A rich history
There is more to High Falls than the impressive waterfall and gorgeous scenery. The area holds countless stories of families who lived in the region, for it had a great impact on past generations.

Town Creek was a natural obstacle that separated residents of southern DeKalb County from merchants, family members and churches in neighboring Marshall County. The area just above High Falls, near the current day location of the pedestrian bridge, was an ideal place to ford the creek.

Crossing Town Creek, however, was not always an easy task, especially when rains swelled the creek to a swift flow. In his book Count Me In, Sand Mountain native Euclid Rains recalls a story his father Archie related to him regarding a crossing attempt in 1889. Six years old at the time, Archie Rains was in the steer-drawn wagon with his parents and six siblings that came close to being swept over the falls in the high water.

Howard Mitchell, a member of the board that oversees the park today, was told a similar story by a Mr. Thrash. In attempting to return home from Marshall County with a load of flour, Thrash came to the creek only to realize that it was past the level considered safe for crossing. "He told me that he needed to get home, that he didn't want to camp out there for the night," Mitchell says. Thrash put his barrel of flour in the wagon seat next to him and forded the creek, his mule leaning hard against the current to pull the wagon safely to the other side.

Area churches often used Town Creek at High Falls to conduct baptisms. Following World War I, the picturesque area became the location for annual community picnics that by some accounts drew thousands of people.

Building a bridge
As the population of southern DeKalb County grew, so did the commercial needs of the region. Farmers often found themselves in need of supplies such as fertilizer when the waters of Town Creek were too high to ford, cutting off access to merchants in Marshall County.

The county commission decided to build a bridge spanning Town Creek, just above High Falls. County employees began work on the project, and were aided a great deal by local residents.

Some people remember that merchants in Marshall County paid for the hardware for the bridge project, looking forward to the boost in sales sure to come from an increase in traffic.



Billy Galloway, who serves with Mitchell on the park board, has copies of a few pages from a ledger created in September and October of 1923. The entries reveal that the Town Creek bridge at High Falls was a true community effort.

The pages are filled with names like J.W. Rains, A.L. Isabell, M. Richey, Luther Noles, M.L. Gunter, J.B. Slater and M.O. Mayfield. Entries show payments to individuals of $5, $1.25 and even 50. "They got paid 50 a day per man," says Galloway, "and 50 more if they had a team of mules."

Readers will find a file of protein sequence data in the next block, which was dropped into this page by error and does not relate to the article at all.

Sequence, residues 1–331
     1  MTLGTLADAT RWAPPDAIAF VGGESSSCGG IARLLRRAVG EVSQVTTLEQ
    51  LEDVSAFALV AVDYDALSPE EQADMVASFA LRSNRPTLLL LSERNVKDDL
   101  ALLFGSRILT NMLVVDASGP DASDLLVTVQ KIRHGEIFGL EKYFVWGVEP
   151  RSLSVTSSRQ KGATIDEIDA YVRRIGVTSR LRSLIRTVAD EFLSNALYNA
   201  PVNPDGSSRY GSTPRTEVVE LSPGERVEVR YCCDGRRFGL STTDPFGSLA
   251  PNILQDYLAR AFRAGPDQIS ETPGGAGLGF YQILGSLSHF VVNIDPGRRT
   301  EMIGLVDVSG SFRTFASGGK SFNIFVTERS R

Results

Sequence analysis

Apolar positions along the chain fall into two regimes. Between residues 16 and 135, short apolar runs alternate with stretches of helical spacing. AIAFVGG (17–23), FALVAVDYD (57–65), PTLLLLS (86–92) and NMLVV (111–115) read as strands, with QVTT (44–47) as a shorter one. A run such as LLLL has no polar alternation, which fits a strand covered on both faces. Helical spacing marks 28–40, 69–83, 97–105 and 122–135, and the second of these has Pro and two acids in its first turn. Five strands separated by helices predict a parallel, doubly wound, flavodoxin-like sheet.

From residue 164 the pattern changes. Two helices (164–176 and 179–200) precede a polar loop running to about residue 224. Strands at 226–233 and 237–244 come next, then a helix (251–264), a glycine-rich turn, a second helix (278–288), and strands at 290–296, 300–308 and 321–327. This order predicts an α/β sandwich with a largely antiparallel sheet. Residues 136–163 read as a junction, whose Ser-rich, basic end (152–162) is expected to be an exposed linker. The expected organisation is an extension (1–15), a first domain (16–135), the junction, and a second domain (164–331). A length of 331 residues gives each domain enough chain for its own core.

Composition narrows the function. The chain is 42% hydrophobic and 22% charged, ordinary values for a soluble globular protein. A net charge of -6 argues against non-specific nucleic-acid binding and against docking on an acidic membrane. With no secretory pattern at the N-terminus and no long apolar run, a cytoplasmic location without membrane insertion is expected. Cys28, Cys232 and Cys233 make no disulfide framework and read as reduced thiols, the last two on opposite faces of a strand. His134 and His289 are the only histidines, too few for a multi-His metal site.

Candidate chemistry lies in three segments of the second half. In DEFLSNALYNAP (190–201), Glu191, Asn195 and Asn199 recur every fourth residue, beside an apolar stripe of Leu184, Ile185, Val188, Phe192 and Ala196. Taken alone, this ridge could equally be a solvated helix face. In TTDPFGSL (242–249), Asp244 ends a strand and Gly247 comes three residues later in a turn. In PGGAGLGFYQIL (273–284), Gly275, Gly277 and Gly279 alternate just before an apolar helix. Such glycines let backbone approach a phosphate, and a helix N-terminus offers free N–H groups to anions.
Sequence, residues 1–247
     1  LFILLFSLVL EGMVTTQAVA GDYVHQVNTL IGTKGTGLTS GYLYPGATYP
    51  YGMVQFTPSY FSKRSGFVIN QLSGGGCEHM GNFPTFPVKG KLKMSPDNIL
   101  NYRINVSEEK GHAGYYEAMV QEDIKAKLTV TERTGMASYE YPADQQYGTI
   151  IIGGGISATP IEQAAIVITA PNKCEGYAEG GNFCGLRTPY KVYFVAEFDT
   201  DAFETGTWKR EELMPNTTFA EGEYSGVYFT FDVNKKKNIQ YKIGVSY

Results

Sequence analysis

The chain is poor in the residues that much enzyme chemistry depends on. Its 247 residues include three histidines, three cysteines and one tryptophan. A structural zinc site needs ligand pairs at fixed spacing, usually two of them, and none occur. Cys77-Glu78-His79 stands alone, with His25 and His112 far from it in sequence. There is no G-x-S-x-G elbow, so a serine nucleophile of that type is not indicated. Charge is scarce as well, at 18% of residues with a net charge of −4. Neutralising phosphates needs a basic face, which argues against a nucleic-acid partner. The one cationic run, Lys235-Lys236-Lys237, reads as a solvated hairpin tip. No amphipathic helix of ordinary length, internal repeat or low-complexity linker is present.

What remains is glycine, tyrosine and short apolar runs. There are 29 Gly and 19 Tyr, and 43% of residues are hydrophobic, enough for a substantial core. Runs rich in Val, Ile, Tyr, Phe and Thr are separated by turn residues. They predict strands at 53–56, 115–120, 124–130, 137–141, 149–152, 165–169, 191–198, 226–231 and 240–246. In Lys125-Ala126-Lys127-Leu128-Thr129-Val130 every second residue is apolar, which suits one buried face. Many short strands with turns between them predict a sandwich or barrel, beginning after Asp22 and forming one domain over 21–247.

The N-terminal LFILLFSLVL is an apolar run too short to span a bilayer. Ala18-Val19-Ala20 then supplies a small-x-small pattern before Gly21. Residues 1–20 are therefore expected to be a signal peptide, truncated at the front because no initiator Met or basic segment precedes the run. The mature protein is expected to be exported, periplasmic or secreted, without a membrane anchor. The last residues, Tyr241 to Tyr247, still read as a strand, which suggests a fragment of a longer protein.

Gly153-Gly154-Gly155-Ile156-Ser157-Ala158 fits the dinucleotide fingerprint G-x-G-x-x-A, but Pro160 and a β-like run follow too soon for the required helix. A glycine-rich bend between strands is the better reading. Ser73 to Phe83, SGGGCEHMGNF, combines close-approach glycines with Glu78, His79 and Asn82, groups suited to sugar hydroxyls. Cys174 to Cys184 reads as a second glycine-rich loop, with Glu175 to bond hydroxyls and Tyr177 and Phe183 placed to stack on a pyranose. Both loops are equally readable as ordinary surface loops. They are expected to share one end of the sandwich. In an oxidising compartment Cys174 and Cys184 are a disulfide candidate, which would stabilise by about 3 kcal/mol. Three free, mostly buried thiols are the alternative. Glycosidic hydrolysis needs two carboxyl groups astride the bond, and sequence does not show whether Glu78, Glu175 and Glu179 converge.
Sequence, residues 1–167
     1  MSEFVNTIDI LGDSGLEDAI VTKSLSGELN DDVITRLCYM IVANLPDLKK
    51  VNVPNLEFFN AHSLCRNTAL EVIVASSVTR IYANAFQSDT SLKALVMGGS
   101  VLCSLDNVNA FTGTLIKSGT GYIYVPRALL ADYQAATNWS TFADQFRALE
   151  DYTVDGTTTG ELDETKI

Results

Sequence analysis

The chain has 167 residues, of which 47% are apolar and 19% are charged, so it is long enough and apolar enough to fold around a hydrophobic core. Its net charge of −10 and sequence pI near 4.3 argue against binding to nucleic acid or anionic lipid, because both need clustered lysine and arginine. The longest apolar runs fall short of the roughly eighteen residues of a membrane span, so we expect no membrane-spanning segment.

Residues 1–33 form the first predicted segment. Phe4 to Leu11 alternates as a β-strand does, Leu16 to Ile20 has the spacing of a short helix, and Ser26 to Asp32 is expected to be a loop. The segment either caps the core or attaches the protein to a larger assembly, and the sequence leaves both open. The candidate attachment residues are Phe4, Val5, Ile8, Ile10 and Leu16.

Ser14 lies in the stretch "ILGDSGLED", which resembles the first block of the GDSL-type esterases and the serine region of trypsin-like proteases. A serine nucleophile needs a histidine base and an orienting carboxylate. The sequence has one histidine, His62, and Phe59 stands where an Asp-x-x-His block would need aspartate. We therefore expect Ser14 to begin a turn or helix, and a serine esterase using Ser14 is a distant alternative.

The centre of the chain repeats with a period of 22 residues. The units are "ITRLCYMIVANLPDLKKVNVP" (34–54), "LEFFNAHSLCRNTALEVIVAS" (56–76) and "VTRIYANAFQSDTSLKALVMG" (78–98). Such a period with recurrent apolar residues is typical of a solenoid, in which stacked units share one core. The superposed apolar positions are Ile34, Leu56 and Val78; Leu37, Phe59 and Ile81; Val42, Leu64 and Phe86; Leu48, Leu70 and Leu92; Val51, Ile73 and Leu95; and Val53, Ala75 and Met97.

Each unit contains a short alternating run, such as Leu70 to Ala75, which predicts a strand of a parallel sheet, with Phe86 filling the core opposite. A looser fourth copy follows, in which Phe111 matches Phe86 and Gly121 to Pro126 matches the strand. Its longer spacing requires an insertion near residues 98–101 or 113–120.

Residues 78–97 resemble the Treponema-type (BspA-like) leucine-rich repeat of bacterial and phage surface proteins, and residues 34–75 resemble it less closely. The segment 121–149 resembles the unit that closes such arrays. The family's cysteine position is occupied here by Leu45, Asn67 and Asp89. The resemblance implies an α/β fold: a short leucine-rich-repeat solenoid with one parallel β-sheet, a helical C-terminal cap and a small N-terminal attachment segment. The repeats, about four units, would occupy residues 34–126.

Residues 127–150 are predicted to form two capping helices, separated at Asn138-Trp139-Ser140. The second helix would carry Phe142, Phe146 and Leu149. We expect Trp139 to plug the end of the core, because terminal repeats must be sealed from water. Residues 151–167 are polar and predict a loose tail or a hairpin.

Many people, the ledger indicates, donated a portion if not all of their time. The list includes several pages of entries such as A.B. Elrod, who worked 18 1/3 days - five of which were free - and J.L. Dalrymple, whose 2 1/2 days were free.

The ledger presents other interesting details regarding construction of the bridge. For example, on September 22, 1923, 14 bags of cement were hauled by T.A. Goggans, and on the same day R.A. Johnson hauled 12 bags of cement.

In a short time, the stone pillars were in place and a wooden bridge was built across Town Creek. The structure was a classic covered bridge - except for 20 to 30 feet on the north end. It is not known for certain why the bridge was left unfinished.

Over the years, the bridge survived floods and storms and fire. Highway development began diverting traffic in other directions, and the bridge became less useful even as vandals abused the historic structure. In the mid-1950's, a careless fire burned much of what remained of the bridge.





 

 

 

 

 

 


Preserved for all
Twenty acres surrounding High Falls were purchased with grant money in the early 1980's. Efforts were made to clean up the area and make it more accessible to the public. In 1998, the pedestrian bridge was built atop the original rock pillars constructed for the covered bridge in 1923.

Because of its remote location, High Falls remains unknown even to many Sand Mountain residents. But the efforts of Mitchell, Galloway and the other park board members have increased awareness, and more tourists are finding their way to High Falls Park each year. Many return again and again, captivated by the beauty of this natural wonder.